In most cases we propose a “cloud-ready design” which allows the application to easily scale and deploy in any environment, either in-house or external.
Bastian has quite ambitious goals. He knows that application these days must be available 24/7 available covering any peaks in demand. So we agree to start with external cloud solution.
The business case also defines the framework for the implementation. Is a simple solution enough or should it provide the foundation for future enhancements ?
By understanding which technological components we are going to use as well as our experience from previous projects we can make the initial estimation. In our lesson learned knowledge database we also save all historical data of implementation efforts during previous projects and expert estimations.
We simply list the different implementation components like search, form, multimedia gallery needed and multiply it by their implementation effort.
Then we add the effort for supporting activities like devops, quality assurance and project management.
By doing this we can very quickly do an initial estimation -- typically in 30 minutes.
So Bastian understands that his application will cost in total €90K, but by removing features which are not needed for the MVP he can stay in his budget of €45K. He uses this information to ensure his investment and to convince investors. As some money is missing his grandma is happy to support him.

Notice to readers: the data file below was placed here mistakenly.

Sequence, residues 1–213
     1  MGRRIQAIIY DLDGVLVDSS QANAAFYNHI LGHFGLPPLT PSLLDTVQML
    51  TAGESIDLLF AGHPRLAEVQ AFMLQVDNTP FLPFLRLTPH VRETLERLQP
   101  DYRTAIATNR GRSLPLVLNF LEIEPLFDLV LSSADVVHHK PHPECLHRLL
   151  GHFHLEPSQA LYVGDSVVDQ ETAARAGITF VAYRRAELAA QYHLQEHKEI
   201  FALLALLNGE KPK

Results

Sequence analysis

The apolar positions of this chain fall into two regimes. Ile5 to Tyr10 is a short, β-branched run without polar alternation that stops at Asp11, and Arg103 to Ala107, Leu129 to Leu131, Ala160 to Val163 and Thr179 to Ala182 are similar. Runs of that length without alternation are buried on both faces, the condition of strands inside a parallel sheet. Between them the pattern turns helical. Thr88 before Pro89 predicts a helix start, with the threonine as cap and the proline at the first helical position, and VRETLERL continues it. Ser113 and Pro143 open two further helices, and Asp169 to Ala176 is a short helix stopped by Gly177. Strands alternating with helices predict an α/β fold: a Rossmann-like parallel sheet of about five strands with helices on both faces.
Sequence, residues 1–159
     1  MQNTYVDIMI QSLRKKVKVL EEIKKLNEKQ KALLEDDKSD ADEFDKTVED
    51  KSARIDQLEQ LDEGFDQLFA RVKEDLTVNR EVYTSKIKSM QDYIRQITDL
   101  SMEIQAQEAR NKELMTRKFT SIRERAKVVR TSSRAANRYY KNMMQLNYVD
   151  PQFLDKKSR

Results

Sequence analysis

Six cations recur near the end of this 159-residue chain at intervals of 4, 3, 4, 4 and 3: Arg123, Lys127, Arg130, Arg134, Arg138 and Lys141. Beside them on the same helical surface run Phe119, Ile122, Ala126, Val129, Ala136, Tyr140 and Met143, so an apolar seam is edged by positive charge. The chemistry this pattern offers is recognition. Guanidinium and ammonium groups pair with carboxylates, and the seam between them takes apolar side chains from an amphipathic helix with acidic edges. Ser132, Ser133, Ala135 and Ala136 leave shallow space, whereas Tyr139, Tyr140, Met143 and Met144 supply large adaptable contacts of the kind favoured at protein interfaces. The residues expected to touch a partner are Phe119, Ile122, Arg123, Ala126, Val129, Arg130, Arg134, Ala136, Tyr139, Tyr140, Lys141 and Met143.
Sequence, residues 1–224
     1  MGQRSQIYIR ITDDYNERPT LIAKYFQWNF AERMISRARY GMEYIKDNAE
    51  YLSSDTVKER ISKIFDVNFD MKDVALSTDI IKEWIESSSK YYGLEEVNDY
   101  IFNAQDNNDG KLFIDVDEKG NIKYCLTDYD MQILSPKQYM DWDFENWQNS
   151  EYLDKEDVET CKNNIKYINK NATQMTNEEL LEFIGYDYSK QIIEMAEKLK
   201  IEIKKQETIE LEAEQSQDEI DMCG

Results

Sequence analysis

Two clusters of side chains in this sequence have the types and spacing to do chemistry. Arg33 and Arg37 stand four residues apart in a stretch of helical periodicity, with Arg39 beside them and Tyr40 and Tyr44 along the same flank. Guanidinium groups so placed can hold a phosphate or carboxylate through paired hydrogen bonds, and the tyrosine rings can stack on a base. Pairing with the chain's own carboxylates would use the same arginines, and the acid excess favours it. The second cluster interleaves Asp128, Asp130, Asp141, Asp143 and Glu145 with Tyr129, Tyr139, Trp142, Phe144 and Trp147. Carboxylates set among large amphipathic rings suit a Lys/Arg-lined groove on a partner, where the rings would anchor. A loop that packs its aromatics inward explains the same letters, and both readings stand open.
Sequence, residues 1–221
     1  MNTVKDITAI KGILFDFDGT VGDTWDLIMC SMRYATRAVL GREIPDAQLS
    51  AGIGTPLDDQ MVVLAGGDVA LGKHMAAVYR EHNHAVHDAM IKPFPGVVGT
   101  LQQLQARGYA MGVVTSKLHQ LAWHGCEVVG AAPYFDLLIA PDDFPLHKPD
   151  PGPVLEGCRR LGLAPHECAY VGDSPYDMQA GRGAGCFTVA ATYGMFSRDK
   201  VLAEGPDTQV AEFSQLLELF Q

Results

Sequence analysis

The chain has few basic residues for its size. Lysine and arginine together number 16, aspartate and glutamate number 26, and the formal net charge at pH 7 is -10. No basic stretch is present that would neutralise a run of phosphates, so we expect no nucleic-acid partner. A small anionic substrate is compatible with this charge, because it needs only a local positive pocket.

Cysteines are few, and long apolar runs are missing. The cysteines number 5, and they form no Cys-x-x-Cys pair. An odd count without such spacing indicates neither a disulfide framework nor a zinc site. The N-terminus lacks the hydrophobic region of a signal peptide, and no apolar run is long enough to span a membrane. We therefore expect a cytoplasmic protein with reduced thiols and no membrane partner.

The project can start.
By referring to architectural implementation patterns the business features can be estimated in a short time frame. No time-consuming and costly investigations are required to estimate the budget. Typically these estimations have a risk of just +- 15%. The budget is known and business decisions can be made.
Now we start agile development spiced up with budget monitoring.
In addition to that, we are using iteration-based approach for faster delivery. At the beginning of each iteration we estimate user stories that have to be implemented. These estimates should be done by the team which did not make the initial estimation. This way, the team can feel free to judge the effort required.
As an extra bonus the management understands the view of the product owner and of the team. In case of big discrependancies the reason must be found and resolved.
In our example the product owner is surprised that the team estimates a feature requiring much more significant effort than in the original estimation. He understands that skills required for the payment implementation are missing. By adding a developer who had relevant expertise we could return to the original estimation.
By comparing initial estimations and estimations of refined user stories we can find valuable insights. Here are some reasons that can cause big discrepancies: frequent change of requirements resulting in new skills needed and possibly lacking in the team, choice of architecture, or it is has been over-architectured.
The comparison between the original estimation and the actual effort should become a regular habit after each sprint. Instead of artificial story points which are difficult to understand for business we check the real effort spent in man days and the costs per hour which normally is a good indicator of the skill level of the team.
Bastian is surprised that the spent effort became higher than the expected budget. By making an analysis we understand that not all features needed for the MVP have been identified.
We are not flying in the dark anymore but understand if we are still on track.
This allows to understand when and for which cost the project is going to be completed.
Bastian is happy that he has full understanding of the progress of the project and what the costs will be. He prioritizes the features so he will stay within the budget. He has all numbers needed which he can show to his investors and to his grandma.
The product can go live.